Planning for Crime Prevention: A Transatlantic Perspective

By Richard H. Schneider; Ted Kitchen | Go to book overview
Save to active project

CHAPTER 6

CASE STUDIES IN NORTH AMERICA

INTRODUCTION

In this chapter we focus on several examples of existing applications and case studies that relate to general land use classifications found in most American planning and zoning codes and that illustrate specific CPTED, defensible space, situational crime prevention or environmental crime prevention principles. We employ cases whose focus is very narrow in scope (micro) as well as those which are broad (macro). These cases are documented in the literature or based upon our own field observations.


DIVERSITY OF THE AMERICAN EXPERIENCE

As noted previously, the US federal system encourages the splintering of public policy as it moves through various layers and levels of government throughout the nation. This is an important reason why there is little consistency in approach or application of place-based crime prevention measures from one community to the next. Some applications involve the adoption of ordinances that implement CPTED techniques, whereas others are grounded not in law but in practice as carried out by owners or designers on their own initiative. Tempe, Arizona and Sarasota, Florida have chosen broad brush applications, incorporating defensible space principles and CPTED into fundamental planning and zoning ordinances and site review procedures, whereas other communities selectively embed CPTED in narrowly focused law, such as Gainesville, Florida's convenience store ordinance. In still other places, CPTED, defensible space and situational crime prevention techniques have often been 'unconsciously' inserted - much as Newman's defensible space principles have found their way into public housing design - in a range of planning, zoning and land development ordinances and professional practice. For instance, surveillance and access control concepts derived from defensible space are woven into countless Automatic Teller Machines ('ATMs' in the US and 'cash points' in Britain) siting ordinances in jurisdictions across the nation, whereas many of these communities have no other CPTED provisions in their codes. As the 1998 US Conference of Mayors' survey attests, place-based crime prevention approaches tend to be recent additions sprinkled throughout land development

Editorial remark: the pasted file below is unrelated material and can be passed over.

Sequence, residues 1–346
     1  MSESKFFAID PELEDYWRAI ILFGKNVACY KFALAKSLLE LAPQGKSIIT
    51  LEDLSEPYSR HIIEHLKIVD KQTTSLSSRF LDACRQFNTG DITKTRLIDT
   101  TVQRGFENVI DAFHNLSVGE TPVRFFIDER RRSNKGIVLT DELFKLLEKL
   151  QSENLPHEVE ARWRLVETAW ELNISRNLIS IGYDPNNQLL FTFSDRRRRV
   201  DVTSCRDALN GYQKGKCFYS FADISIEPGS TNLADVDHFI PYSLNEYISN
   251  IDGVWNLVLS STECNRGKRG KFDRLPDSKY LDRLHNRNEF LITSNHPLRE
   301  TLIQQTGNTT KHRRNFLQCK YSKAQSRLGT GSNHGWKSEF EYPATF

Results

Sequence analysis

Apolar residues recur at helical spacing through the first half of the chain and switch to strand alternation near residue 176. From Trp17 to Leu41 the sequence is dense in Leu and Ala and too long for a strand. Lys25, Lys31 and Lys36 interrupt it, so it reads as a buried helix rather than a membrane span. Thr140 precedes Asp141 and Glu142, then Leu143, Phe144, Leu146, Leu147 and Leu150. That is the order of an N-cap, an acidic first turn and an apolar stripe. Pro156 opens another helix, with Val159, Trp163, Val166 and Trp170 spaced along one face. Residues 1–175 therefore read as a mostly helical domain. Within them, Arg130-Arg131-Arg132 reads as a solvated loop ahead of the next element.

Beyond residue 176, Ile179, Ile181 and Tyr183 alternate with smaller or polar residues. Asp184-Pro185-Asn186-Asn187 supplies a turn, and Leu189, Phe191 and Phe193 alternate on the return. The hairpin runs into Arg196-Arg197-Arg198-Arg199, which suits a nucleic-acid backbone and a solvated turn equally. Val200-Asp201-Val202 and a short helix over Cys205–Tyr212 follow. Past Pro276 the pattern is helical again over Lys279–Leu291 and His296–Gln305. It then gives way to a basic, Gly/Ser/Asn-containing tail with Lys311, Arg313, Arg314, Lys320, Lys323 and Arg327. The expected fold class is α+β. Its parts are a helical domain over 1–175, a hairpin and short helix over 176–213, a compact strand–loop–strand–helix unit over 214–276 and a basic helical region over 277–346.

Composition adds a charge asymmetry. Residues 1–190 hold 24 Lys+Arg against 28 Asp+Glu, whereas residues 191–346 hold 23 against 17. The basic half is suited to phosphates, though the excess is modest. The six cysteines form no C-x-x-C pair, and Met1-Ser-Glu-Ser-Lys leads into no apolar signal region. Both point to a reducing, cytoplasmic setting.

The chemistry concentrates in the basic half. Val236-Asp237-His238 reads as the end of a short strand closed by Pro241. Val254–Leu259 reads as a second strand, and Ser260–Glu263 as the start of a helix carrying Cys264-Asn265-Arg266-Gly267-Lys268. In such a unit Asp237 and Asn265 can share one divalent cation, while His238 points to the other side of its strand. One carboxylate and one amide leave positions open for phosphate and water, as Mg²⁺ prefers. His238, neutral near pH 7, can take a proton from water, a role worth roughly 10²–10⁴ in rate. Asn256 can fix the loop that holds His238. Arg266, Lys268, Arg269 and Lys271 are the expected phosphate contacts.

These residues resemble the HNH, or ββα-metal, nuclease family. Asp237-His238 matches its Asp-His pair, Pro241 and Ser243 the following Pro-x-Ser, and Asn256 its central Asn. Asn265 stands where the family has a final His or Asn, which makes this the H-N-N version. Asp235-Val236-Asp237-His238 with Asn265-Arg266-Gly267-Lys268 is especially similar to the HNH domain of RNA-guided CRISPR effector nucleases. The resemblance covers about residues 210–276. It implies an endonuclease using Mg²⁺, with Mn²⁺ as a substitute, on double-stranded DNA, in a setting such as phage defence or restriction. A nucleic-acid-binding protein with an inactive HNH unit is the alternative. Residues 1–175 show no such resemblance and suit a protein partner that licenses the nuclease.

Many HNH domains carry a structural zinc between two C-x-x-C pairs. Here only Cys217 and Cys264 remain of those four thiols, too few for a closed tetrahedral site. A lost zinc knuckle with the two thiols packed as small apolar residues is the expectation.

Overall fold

-155-

Notes for this page

Add a new note
If you are trying to select text to create highlights or citations, remember that you must now click or tap on the first word, and then click or tap on the last word.
Loading One moment ...
Project items
Notes
Cite this page

Cited page

Style
Citations are available only to our active members.
Sign up now to cite pages or passages in MLA, APA and Chicago citation styles.

Cited page

Bookmark this page
Planning for Crime Prevention: A Transatlantic Perspective
Settings

Settings

Typeface
Text size Smaller Larger
Search within

Search within this book

Look up

Look up a word

  • Dictionary
  • Thesaurus
Please submit a word or phrase above.
Print this page

Print this page

Why can't I print more than one page at a time?

While we understand printed pages are helpful to our users, this limitation is necessary to help protect our publishers' copyrighted material and prevent its unlawful distribution. We are sorry for any inconvenience.
Full screen
/ 331

matching results for page

Cited passage

Style
Citations are available only to our active members.
Sign up now to cite pages or passages in MLA, APA and Chicago citation styles.

Cited passage

Welcome to the new Questia Reader

The Questia Reader has been updated to provide you with an even better online reading experience.  It is now 100% Responsive, which means you can read our books and articles on any sized device you wish.  All of your favorite tools like notes, highlights, and citations are still here, but the way you select text has been updated to be easier to use, especially on touchscreen devices.  Here's how:

1. Click or tap the first word you want to select.
2. Click or tap the last word you want to select.

OK, got it!

Thanks for trying Questia!

Please continue trying out our research tools, but please note, full functionality is available only to our active members.

Your work will be lost once you leave this Web page.

For full access in an ad-free environment, sign up now for a FREE, 1-day trial.

Already a member? Log in now.

Are you sure you want to delete this highlight?